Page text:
Is there a Death Philosophy which empowers us to live? Very few want to think about it, but some brave folk have thought deeply on this subject. If it doesn’t scare you, read how many in far away countries look at this topic in Dr Achyuthan Eswar’s article below.
What’s wrong with death?
July 22, 2015 By Dr Achyuthan Eswar
Death: we fear it, we don’t even talk about it. When somebody dies, if we were close to them, we are shocked. If we were not, we don’t know what to say to those who were. Is there a disconnect between what death really is, and what we think about it?
As doctors, we are faced with the reality of death far too many times. We are taught in medical school not to attach ourselves to the dying patient who looks at us with hope in his eyes, but what happens in reality is quite different. The death of a patient is many times equally hard on his doctor as it is to his family. At these times, all we can do is make sure the person is comfortable in his or her last days – quality of life, they call it. Somehow, we find ourselves wishing there was more we could do to help. A close friend gifted me a book by Atul Gawande, ‘Being Mortal’, in which he asks if perhaps we have been taught about it all wrong? Or, at many times, not been taught to deal with death and dying at all?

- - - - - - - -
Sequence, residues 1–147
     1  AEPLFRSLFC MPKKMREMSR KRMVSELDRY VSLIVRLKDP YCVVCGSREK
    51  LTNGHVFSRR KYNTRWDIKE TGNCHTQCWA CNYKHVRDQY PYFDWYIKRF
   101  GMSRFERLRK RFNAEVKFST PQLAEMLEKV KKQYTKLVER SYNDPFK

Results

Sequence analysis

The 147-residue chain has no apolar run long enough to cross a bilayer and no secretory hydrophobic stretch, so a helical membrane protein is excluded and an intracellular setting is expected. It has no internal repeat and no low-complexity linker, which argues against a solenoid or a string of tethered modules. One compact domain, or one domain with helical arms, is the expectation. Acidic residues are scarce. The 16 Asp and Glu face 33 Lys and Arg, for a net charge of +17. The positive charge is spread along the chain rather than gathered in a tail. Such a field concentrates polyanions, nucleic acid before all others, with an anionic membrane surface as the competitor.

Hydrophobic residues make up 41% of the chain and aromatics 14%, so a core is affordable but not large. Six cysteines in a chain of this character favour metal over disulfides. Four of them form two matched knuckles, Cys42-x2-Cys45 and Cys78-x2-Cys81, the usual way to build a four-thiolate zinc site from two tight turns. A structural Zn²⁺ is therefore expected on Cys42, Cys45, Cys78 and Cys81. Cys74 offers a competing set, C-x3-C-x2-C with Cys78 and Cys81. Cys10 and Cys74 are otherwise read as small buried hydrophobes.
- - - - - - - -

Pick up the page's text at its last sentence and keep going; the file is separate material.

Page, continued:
The movie Patch Adams was one of the things that inspired me to become a doctor. In the movie, when Patch is pulled up at a hearing because he was practicing as a doctor without a license, and asked, “What if one of your patients had died?”, he says, “What’s wrong with death, sir? What are we so mortally afraid of? Why can’t we treat death with a certain amount of humanity and dignity and decency, and God forbid, maybe even humour? Death is not the enemy, gentlemen. If we’re going to fight a disease, let’s fight one of the most terrible diseases of all: indifference.” (the relevant part start at 2:14 in the video:)
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